Flashcards in Integumentary Deck (39):
What are three difference in skin of older adults?
1. Drier (oil and sweat gland activity decreases)
2. Epidermis becomes thinner
3. Dermis becomes less elastic and shrinks (wrinkles and loss of turgor)
What is the normal nail base angle? what is angle of clubbing?
What is clubbing associated with?
Respiratory and CV diseases (often seen in CF)
In a Semmes-Weinstein monofilament test, what is the common threshold indicating disease?
What are the S&S of skin disease?
1. Pruritus (itching)
2. Urticaria (hives)
5. Xeroderma (rough, dry skin)
6. Unusual spots, moles nodules, cysts
7. Changes in appearance of nails
8. changes in skin color, turgor, texture
What should be included in documentation of skin lesions?
6. Area of the body
7. Drainage (color, amount)
8. Temp of the skin
General term to describe superficial inflammation of the skin; can be acute, subacute, or chronic stages
Type of dermatitis with superficial inflammation of the skin
Type of dermatitis due to something physical causing the symptoms; exposure to chemicals
Type of dermatitis that is chronic
Chronic facial disorder; variation of acne; occurs on cheeks, nose and chin; possibly linked to GI bacteria
What are the types of skin infection?
Superficial skin infection caused by staph or strep; spread by direct contact or environmental contamination; symptoms include macule --> Vesicles --> Pustules, which creates a thick yellow crust
Impetigo (treated with oral antibiotics)
What are the 2 common bacterial skin infections?
Acute inflammation of skin and underlying tissue with skin infection; spreads rapidly, often in extremities; usually staph; occurs in older adults. diabetes, malnutrition, steroid therapy, presence of wounds; erythema, edema, tenderness symptoms
Cellulitis (treated with IV antibiotics)
What are 2 common viral skin infections?
1. Herpes Zoster (shingles)
2. Warts (verrucae)
Skin infection where intracellular parasites invade host cells; epidural cells react with inflammation and vesiculation
Reactive of varicella zoster virus during immunocompromised or stressful state; unilateral presentation in a dermatome; painful rash with blisters and postherpatic neuralgia
Herpes Zoster or "shingles"
What is herpes zoster a contraindication for?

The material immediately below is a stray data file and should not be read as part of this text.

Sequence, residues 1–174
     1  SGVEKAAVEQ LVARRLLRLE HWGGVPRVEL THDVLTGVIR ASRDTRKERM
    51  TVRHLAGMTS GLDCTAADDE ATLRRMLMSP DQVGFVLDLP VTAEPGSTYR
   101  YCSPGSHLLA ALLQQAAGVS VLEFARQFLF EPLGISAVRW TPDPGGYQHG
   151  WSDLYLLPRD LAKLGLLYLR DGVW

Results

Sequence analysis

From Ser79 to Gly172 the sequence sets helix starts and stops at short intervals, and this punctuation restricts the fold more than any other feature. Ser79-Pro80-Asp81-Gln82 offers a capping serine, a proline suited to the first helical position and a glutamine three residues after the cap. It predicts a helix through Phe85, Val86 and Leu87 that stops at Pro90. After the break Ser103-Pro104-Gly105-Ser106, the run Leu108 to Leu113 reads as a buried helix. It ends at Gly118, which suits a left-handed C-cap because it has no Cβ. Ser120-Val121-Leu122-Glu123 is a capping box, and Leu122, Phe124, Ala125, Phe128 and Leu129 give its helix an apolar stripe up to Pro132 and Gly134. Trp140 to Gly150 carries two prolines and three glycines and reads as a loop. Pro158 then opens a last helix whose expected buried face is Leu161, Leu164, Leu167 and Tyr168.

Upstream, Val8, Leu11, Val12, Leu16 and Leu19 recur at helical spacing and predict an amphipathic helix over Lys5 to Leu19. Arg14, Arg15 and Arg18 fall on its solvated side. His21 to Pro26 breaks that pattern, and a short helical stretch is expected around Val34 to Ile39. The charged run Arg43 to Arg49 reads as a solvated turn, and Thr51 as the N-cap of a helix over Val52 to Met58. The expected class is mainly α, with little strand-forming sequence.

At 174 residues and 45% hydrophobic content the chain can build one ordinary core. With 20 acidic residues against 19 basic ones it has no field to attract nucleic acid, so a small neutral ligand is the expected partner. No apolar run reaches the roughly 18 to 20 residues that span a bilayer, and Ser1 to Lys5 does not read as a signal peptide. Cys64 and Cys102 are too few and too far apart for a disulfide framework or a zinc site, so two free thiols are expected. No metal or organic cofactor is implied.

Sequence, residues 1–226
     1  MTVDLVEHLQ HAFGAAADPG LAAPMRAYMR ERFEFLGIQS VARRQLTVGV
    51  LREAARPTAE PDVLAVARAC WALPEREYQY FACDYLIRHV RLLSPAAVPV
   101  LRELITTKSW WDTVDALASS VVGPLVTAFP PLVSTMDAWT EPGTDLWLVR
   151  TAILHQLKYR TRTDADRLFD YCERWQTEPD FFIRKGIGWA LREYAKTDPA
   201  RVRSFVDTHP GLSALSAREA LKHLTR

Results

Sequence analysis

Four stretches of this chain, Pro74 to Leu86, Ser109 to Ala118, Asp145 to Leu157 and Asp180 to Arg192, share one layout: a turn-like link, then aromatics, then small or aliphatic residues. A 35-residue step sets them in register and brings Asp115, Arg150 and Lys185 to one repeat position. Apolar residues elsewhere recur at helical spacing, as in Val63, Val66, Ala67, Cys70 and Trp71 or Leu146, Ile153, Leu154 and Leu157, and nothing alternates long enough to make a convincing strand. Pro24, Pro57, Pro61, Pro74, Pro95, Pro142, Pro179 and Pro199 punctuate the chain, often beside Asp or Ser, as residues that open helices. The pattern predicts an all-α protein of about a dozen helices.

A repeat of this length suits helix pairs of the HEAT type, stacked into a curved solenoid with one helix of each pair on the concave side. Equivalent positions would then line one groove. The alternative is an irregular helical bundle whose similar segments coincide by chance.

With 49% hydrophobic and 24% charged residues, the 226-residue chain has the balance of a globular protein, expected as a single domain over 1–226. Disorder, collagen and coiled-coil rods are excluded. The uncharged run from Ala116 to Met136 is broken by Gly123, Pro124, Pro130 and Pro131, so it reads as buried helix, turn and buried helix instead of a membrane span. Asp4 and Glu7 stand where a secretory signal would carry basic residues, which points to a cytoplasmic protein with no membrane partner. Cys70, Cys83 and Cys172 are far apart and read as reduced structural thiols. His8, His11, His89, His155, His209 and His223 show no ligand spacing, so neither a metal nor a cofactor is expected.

Heat or ultrasound
Skin infection caused by HPVs
Warts or verrucae (treated with cryotherapy, OTC salicylic acid, curettage)
What are 2 common types of fungal skin infections?
1. Tinea corporis (ringworm)
2. Tinea pedis (athlete's foot)
If tine pedis is not treated, what can it turn into?
Cellulitis of the lower leg
What are 2 common types of parasitic infections?
2. Pediculosis (lice)
Highly contagious skin eruption caused by mites; rapidly spread but response is 30-60 days after contact; occurs in webspace, wrist, axilla, genitalia, umbilicus
What is the most common cancer in women 25-29 years of age?
What are the 2 benign tumors?
1. Seborrheic Keroatosis
Tumor; proliferation of basal cells; waxy, smooth, or raised; vary in color
Tumor; cafe-au-lait spots, mongolian spots, moles
What is the type of premalignant skin cancer?
Occurs as a result to UV rays in areas exposed to the sun; red blotchy in color; almost 100% of older caucasians will get this; half of skin cancer starts as this, then progresses to something else
What are the 3 malignant tumor types?
1. Basal cell carcinoma
2. Squamos cell carcinoma
3. Malignant melanoma
Slow growing epithelial tumor; rarely metastasizes; due to prolonged sun exposure; pearly or ivory appearance with rolled edges; type seen in people <40
Basal cell carcinoma
Epidermal keratinocytes tumor; due to sun-damaged skin; poorly defined margins, red to flesh colored surrounded by scaly tissue
Squamous cell carcinoma
Neoplasm of melanocytes; 4 types; nearly 100% curable if detected early; can spread quickly; brown or black raised patch with irregular borders
Cancer that develops from the cells that line lymph or blood vessels; common in those with HIV/AIDS and kidney transplants due to being immunosuppressed; red, purple, or dark blue patches enlarge to become nodules or ulcers
Kaposi's sarcoma (treated with chemo)
What are the 3 immune disorder that cause skin abnormalities?
2. Lupus Erythematous
3. Systemic Sclerosis (Scleroderma)
Chronic inherited, noninfectious, recurrent inflammation; well-defined erythematous plaques covered with silvery scale
Psoriasis (tx = topical creams, ointments, light therapy)
Chronic inflammatory disorder of connective tissue; butterfly rash is common
Lupus Erythematous (tx = topical creams, ointments and light therapy)